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Northern Lights

Northern Lights
Ben Kruser
The Leader, February 1992.

Aurora Borealis, the Northern Lights, has been the subject of speculation, myth, and scientific study throughout history. Indigenous people in Canada and the northern U.S. had many legends to explain the lights. One legend says the souls of departed friends were lighting torches to guide those who followed. Another describes a great hole in the sky through which souls pass from this world to the next. Many stories tell of spirits with light bands on heads and waist playing a lively game of football with a walrus skull.

Although auroras were common occurrences to northern peoples, the occasional aurora seen in central and southern Europe created panic. Greek and Roman philosophers believed the sky was opening and spewing forth flame and smoke. In early times, people detected major fires by the light reflected from the evening clouds. When an aurora made an uncommon appearance in southern latitudes, troops rushed to neighbouring cities to help with what appeared to be a major conflagration

In the middle ages, Europeans went from hysteria to hallucination. They saw vast armies of angels clashing in the sky, and tens of thousands of peasants across Europe joined pilgrimages in hopes of saving the world from approaching Armageddon.

Science also had its opinions about the aurora. Some scientists speculated that the force of ice and glaciers produced flame, while others thought that vast ice belts reflected the sun's light into the evening sky. Active research began in the 17th century when Pierre Gassendi, a mathematician and philosopher, named the lights after Aurora, the Romans' rosy-fingered Goddess of Dawn, whose job was to usher in the rising sun.

Carl Stonner, a Norwegian physicist, was the first to solve the question of the aurora's length. He took pictures of two widely separated points and used triangulation to calculate auroral span. Auroras usually start around 105 km above the earth and stretch to altitudes over 485 km.

Another question researchers addressed was where auroras occur most often. After compiling records of auroral activity from northern expeditions and other accounts, Elias Loomis, a Yale professor, developed a map of the arctic showing auroras frequency. It has since been updated by more sophisticated means, such as satellites. We know that people living on latitude 65 degrees N can expect to average 243 nights of northern lights a year. Most Canadians live in an area of 50 to 100 auroras per year

But what is an aurora? What causes the Northern Lights? Using a prism, Norwegian scientists discovered auroral light was discontinuous; that is, it did not have ail the colours of the rainbow. The only colours produced in an aurora are deep violet, green-yellow, and red.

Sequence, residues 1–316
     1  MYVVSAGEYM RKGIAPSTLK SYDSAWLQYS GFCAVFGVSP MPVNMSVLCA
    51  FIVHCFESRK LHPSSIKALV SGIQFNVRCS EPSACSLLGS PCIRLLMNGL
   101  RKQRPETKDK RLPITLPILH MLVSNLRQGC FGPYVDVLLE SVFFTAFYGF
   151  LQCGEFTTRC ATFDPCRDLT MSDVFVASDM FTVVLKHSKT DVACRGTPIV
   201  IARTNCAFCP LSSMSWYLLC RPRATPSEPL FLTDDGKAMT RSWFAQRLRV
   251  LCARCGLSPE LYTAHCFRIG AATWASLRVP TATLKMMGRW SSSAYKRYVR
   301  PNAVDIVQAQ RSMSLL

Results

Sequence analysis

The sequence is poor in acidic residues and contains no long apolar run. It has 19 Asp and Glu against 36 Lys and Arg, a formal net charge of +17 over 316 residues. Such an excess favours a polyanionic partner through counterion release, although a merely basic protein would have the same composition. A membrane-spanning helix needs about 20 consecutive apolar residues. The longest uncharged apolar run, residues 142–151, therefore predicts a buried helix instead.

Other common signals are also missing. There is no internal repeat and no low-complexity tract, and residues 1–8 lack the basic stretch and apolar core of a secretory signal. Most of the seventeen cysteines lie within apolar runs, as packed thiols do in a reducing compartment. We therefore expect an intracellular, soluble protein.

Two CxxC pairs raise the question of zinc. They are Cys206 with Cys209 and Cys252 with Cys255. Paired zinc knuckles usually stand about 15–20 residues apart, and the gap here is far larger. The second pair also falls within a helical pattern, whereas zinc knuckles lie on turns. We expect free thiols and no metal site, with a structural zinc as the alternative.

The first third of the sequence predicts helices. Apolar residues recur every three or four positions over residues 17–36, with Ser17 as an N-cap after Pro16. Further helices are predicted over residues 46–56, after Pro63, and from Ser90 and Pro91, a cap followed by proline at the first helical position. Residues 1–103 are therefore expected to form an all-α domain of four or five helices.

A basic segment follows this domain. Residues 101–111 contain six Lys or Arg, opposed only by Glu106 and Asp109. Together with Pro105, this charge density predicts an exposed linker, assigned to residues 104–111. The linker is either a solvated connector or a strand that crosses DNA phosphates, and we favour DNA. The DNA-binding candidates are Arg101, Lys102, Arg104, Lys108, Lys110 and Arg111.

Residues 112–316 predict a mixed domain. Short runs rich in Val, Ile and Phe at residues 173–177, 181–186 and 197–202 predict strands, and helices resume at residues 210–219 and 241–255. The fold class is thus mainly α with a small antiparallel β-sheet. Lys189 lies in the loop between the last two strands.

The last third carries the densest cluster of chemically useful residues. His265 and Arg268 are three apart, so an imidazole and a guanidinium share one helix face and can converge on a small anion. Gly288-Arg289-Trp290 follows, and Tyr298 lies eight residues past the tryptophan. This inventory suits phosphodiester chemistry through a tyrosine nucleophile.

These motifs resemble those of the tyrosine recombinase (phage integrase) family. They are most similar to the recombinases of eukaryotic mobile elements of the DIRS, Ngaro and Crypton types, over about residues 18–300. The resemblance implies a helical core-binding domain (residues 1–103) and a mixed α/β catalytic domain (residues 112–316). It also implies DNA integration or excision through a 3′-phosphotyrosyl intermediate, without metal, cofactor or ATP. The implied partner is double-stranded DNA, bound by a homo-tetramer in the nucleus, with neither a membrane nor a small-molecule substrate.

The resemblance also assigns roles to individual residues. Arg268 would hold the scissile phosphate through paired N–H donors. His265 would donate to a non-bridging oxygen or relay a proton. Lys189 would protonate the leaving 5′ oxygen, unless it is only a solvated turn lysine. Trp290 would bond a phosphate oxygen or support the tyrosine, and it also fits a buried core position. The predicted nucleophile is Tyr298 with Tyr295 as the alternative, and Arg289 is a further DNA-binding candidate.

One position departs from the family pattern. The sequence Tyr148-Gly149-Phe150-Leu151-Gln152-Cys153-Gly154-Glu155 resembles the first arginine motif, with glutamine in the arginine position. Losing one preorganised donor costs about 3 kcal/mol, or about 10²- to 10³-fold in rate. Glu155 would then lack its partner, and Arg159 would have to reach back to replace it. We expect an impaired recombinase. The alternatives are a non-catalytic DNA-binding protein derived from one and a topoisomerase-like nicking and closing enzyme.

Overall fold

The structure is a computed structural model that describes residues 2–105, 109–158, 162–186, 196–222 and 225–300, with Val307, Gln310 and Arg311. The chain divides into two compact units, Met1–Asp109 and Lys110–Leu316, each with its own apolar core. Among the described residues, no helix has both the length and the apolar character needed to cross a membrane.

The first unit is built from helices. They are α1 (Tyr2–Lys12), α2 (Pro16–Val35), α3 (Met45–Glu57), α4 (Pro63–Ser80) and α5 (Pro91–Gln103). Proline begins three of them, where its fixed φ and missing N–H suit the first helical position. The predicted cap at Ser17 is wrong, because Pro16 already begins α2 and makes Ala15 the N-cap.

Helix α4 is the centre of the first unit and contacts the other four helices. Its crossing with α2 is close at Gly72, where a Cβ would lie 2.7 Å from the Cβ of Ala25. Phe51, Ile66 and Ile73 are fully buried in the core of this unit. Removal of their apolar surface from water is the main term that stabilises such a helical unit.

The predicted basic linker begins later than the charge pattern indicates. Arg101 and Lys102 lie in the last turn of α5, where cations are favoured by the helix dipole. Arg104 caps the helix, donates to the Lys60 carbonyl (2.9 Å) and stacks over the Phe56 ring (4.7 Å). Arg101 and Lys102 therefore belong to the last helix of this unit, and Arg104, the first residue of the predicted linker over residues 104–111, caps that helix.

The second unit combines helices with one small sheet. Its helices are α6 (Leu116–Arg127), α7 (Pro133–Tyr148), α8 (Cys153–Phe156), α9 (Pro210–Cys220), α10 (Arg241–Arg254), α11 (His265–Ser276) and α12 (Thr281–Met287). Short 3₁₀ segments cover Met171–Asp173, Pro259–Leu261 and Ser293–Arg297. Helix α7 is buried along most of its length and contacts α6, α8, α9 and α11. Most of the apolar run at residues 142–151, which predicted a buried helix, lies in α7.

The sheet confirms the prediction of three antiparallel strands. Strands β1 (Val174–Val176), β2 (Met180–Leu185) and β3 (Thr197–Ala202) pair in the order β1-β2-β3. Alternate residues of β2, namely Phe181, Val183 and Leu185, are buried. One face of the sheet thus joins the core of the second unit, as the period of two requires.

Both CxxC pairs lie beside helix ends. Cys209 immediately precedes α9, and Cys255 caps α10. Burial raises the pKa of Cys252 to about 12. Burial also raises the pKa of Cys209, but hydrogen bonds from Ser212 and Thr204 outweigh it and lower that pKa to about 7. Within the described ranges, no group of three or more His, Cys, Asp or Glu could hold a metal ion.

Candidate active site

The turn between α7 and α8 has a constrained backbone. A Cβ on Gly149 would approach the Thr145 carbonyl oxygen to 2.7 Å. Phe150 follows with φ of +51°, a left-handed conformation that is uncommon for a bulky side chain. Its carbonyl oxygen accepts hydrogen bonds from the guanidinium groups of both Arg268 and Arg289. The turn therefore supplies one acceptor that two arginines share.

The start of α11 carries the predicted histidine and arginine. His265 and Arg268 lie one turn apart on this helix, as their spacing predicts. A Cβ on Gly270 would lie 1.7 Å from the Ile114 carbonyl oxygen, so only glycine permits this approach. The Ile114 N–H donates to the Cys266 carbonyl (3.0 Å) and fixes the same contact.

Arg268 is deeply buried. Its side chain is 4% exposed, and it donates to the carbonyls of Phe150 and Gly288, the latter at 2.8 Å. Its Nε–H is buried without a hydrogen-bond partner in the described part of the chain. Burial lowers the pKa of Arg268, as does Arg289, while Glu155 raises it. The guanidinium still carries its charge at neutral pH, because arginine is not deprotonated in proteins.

When atoms become electrically charged, they emit energy that produces radio waves, x-rays, and visible light waves. Air consists of nitrogenand oxygen atoms. When nitrogen atoms become electrically charged, they emit violet and red colour waves. Charged oxygen atoms produce green yellow light.

Scientists studying the sun discovered that sun spots produce solar flares, which shoot streams of highly charged electrons into space. As charged particles reach earth, they are drawn into the planet's magnetic field, which is heavily concentrated in northern latitudes. (That's why we have a 'magnetic north" and "true north" compass readying.) The collision of forces causes a geomagnetic storm, which we witness as an aurora.

The principle that lights up our sky is the same that commonly lights neon signs. Electricity charges a gas, which emits energy as coloured light. We also make an "aurora" when we turn on a colour television. The only difference is that a real aurora is more interesting to watch.

It's important for Canadians to continue studying the aurora. Auroral activity can interfere with the radio and satellite operations that form vital communications links in northern communities. And, because auroras consist of an electric current of about one million amps, in intense northern geomagnetic storms, an aurora can induce electric current along lengthy conductors such as oil pipelines, power lines, and telephone cables. The result: transformer malfunction and power outages.

Despite some of the technical headaches auroras can cause, most of us see them as one of nature's wonders. And some popular myths persist. For example, some people believe you can control the behaviour of an aurora by whistling. The better the whistle, the more the aurora will change and even dance to you. Others believe you can control the aurora by spitting at it, but I don't recommend telling this one to a group of small boys.

There's still disagreement about whether the aurora makes a noise. While some researchers claim no evidence that the lights produce a sound, there are those who believe they can hear the lights crackling. While science and philosophers argue over this point and others, I am happy to believe that the aurora is friends from days gone by calling me out to enjoy the northern lights and, maybe, a lively game of walrus skull football.

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